When Frances Howard, beautiful but unhappy wife of the Earl of Essex, meets the talented Anne Turner, the two strike up an unlikely, yet powerful, friendship. Frances makes Anne her confidante, sweeping her into a glamorous and extravagant world, riven with bitter rivalry.
Jago weaves an intricate web of social, sexual and political maneuvers that entangles all her characters. Even Frankie’s abusive husband is depicted with a measure of empathy as the traumatized son of a man executed for treason ... (Readers lacking a degree in English history, relax: It’s not necessary to know precisely what historical events Anne alludes to in order to follow the plot, and Jago provides a helpful list of 'the principal actors.') ... Anne is our guide to this decadent society, a wonderfully complex, not entirely likable character who shrewdly observes other people’s missteps but is sometimes maddeningly oblivious to her own failures of judgment ... a dense narrative stuffed with vividly drawn secondary characters and atmospheric set pieces that include a gruesome bearbaiting and a visit to an elaborately depraved brothel. Uncompromisingly dark though it often is, A Net for Small Fishes is also highly satisfying entertainment.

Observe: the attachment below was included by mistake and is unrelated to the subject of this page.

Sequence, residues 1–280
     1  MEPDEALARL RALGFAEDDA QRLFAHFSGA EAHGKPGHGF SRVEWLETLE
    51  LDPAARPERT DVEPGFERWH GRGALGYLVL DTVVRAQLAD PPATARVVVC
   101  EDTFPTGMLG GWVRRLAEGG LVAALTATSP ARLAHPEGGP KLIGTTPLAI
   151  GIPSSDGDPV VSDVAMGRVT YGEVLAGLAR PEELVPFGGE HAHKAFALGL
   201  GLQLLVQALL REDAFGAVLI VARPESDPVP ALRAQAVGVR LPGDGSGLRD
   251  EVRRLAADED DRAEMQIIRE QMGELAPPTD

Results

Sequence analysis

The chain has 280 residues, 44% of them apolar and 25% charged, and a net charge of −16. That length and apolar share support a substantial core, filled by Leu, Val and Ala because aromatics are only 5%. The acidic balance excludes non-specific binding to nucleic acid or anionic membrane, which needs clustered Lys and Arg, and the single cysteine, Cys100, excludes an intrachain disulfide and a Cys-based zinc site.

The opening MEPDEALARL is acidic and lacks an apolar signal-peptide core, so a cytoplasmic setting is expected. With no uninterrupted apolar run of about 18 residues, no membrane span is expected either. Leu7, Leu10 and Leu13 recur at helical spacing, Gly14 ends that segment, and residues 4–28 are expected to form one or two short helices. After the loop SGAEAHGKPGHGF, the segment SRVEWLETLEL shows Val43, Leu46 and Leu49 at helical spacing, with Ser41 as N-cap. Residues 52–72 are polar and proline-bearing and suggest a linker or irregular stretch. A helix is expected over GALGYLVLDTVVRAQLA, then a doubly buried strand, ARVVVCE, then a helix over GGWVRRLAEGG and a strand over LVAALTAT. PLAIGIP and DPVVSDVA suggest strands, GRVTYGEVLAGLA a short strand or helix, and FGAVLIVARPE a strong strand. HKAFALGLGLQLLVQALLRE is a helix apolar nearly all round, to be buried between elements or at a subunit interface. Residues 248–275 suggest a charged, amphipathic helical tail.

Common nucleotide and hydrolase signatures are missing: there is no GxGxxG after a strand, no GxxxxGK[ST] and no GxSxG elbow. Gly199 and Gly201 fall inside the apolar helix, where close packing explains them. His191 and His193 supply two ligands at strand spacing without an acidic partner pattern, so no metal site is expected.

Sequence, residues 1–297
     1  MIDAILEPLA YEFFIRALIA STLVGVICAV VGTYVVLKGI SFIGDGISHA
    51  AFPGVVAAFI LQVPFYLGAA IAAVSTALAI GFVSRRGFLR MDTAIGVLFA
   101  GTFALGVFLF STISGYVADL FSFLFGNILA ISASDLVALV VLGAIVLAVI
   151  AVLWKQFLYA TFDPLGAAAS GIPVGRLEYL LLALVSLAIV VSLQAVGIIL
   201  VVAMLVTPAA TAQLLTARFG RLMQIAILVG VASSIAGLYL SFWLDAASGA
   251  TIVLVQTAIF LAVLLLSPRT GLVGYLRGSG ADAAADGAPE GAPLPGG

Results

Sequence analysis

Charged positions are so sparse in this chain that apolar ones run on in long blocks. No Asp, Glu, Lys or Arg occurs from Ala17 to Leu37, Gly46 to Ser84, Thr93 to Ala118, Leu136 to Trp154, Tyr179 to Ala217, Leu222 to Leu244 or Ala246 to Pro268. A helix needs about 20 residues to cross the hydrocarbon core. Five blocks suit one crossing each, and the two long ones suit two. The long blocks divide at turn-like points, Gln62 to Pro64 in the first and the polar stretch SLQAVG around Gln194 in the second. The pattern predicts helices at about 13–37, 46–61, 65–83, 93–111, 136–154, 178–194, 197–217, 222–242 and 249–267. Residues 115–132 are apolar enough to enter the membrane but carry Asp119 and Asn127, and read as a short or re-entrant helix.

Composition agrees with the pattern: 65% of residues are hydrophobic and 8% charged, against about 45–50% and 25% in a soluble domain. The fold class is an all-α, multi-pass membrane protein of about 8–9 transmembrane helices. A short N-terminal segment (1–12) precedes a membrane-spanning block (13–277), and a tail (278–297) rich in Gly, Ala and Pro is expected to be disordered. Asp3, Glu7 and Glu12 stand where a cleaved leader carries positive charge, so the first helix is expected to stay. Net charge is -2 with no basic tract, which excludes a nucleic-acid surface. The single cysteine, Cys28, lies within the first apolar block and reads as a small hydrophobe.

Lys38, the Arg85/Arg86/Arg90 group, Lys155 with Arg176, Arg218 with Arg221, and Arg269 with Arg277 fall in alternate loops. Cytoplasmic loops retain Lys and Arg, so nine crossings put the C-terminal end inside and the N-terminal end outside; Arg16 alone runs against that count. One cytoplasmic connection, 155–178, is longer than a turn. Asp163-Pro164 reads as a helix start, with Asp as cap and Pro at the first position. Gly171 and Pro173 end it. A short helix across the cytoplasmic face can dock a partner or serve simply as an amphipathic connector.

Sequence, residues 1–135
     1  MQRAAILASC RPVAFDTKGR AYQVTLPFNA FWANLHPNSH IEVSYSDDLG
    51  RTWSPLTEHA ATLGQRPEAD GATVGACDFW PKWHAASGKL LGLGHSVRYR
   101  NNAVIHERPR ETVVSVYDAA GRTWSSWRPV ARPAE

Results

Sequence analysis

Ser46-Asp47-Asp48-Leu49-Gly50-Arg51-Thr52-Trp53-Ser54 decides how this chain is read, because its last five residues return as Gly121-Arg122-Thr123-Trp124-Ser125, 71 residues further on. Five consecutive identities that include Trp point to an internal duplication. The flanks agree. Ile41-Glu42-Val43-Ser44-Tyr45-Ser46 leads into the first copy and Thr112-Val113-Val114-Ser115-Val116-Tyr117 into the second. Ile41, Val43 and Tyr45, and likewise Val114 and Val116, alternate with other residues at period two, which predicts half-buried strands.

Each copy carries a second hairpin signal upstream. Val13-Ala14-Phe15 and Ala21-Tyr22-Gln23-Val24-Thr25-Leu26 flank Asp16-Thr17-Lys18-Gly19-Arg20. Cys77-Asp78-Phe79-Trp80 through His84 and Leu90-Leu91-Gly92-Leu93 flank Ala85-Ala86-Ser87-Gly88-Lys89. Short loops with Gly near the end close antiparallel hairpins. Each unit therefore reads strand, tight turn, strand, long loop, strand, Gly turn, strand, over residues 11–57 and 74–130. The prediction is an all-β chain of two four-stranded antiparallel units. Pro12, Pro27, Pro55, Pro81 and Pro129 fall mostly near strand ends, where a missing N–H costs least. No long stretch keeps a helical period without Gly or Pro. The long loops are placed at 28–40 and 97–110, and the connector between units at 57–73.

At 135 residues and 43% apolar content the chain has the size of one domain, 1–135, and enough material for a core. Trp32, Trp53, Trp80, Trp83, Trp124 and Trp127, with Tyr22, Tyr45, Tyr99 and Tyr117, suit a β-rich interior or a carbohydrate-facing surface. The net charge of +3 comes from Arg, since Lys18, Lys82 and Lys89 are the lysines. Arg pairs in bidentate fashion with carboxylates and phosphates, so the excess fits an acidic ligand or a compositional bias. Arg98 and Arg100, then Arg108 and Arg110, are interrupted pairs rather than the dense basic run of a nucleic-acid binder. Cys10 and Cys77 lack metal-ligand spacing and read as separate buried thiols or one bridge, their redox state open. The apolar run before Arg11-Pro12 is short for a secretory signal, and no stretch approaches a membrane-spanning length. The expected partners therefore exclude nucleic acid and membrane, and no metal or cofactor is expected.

The book’s title refers to justice, which catches small fry while letting larger fish escape punishment. Anne thrums with life all the way through to her tragic, gruesome end, while Frankie is calculating and alluring. The fact that all of the action is filtered through Anne’s voice means that some of Frankie’s escapades have a slightly secondhand air to them, and Carr never really convinces as a replacement for the vile Essex. These, though, are small gripes compared with the many things there are to love in this scintillating novel that plunges you head-first into a darkly compelling chapter of British history.
Lucy Jago is an award-winning biographer whose richly imagined adult fiction debut is based around a scandal that rocked the Jacobean court ... Jago is excellent on clothes ... Ultimately, though, this is the story of a female friendship that transgressed moral and social norms in a misogynist society. Anne’s account of their relationship nicely balances self-interest with sincerity; Frances looks like her route to advancement, until the gossip gathering around the aristocratic lovers threatens her own more modest hopes of romantic happiness ... Like all the best historical fiction, A Net for Small Fishes is a gloriously immersive escape from present times, but it’s not escapism: the outrage with which Anne is told at her trial that 'you have acted of and for yourself, which is itself against the proper bounds of womanhood' is a sentiment that echoes down the centuries. Shrewd yet impetuous, entirely without self-pity, Anne remains a lively companion for the modern reader throughout; her tragedy, Jago suggests, is that she was too good a companion to Frances.